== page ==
Nardstar pushes street art to the limit

Graffiti artist, Nardstar, is making her mark on the street art scene, as well as in a medium that's often regarded as macho. (David Harrison)

Graffiti artist, Nardstar, is making her mark on the street art scene, as well as in a medium that's often regarded as macho. (David Harrison)

There aren’t many female graffiti artists around. Put off by the macho crew culture, the unwritten rules governing who can paint what and where, and the general swagger of artists trying to one-up each other, they tend to gravitate to less aggressive mediums.

“I’ve always refused to believe that I wouldn’t be able to do something because I’m female,” says 28-year-old artist Nardstar, who was listed by Huffington Post last week as one of 25 women pushing the limits of street art around the world.

Nardstar, the daughter of well-known journalist and editor Ryland Fisher, says her father always pushed her to challenge norms. But her fearlessness when it comes to taking on a male-dominated industry can probably also be attributed to the fact that she used to hang out with boys as a teenager.

And it was thanks to her b-boy and rapper friends that she first picked up a spray can. This was the first time Nardstar had played with art – although she acknowledges that she has always had a creative streak – and it was more a statement of rebellion than self-expression. “It was about being out at night and painting on surfaces that we weren’t supposed to touch.”

Developing a style 
That changed when she started to take note of what other artists were doing. Her observations made her appreciate graffiti as an art form, and encouraged her to take her own work seriously. “A spray can is hard to handle; it takes so much practice. You have to paint and paint and paint, just to be able to make neat lines.”

Ironically, the more she became involved in the scene, the more she wanted to distance herself from it. Eventually the ongoing competition around style and profile, and the enormous egos that grow alongside an artist’s prominence, forced her to take a break. It was only after teaming up with fellow artist Mesi, whom she met during a fine art course at the Ruth Prowse School of Art, that she started to paint again – this time concentrating on the pure joy of the exercise.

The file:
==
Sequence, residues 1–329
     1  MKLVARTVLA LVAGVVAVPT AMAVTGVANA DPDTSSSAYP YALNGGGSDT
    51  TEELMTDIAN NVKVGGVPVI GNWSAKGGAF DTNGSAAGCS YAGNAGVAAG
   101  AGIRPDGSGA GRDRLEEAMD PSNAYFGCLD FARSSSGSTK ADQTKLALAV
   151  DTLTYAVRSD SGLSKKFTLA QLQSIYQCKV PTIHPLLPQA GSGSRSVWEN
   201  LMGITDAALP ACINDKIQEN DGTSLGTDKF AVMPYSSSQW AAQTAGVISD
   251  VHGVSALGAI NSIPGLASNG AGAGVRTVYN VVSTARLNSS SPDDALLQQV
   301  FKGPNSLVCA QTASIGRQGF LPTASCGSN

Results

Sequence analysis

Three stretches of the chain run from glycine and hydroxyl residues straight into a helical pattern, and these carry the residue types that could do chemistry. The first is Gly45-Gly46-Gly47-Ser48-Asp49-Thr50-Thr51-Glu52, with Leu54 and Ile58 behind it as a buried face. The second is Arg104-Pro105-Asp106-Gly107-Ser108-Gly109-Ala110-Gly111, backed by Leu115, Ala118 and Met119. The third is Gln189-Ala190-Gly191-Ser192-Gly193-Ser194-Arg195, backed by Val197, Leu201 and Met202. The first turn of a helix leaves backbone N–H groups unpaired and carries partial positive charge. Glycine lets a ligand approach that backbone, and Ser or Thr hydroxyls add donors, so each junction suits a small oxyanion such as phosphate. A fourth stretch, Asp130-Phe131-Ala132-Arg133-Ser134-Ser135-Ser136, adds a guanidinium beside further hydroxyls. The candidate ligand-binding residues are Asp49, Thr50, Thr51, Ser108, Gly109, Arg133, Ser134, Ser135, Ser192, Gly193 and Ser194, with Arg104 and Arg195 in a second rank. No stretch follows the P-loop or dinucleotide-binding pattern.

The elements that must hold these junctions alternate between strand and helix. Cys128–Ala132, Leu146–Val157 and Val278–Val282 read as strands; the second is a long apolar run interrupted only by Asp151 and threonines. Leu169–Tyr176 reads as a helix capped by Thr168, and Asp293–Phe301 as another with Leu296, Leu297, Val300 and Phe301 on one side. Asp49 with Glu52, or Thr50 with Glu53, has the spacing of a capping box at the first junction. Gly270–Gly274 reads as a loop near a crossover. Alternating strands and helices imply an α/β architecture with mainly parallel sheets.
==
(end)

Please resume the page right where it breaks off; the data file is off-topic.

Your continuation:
Having turned her back on the hard edge of competition, Nardstar has focused on developing her style. This has grown out of how she initially styled her letters; in the early days of her career, she used to paint her name over and over in different locations. This evolved into painting animals (which she finds more interesting than people), yet she has remained true to her signature style: bold blocks of colour, with increasingly intricate detail.

Painting all over the world
She’s more comfortable with the label of graffiti artist than street artist, she says, as her work carries no political message or call to social consciousness: it’s simply art for its own sake. But it’s not static. She derives immense satisfaction from experimenting; seeing how she can apply her style to new mediums and situations. So she recently opened a studio with fellow artist Fersyndicate.

The idea is to offer a graffiti-related mural, illustration and design service, an aspiration that arose out of the realisation that most commercial graffiti are poorly executed. The studio also powers an online store, and Nardstar is eager to see other graffiti artists becoming involved.

Apart from that, her aim now is to paint in as many places around the world as she can. “I want to keep painting as long as I can. I’m doing what I love. I never wanted to end up in an office. So although I studied design as a back-up plan, I knew I didn’t want it to become my career. I suppose in a way I am still rebelling.”

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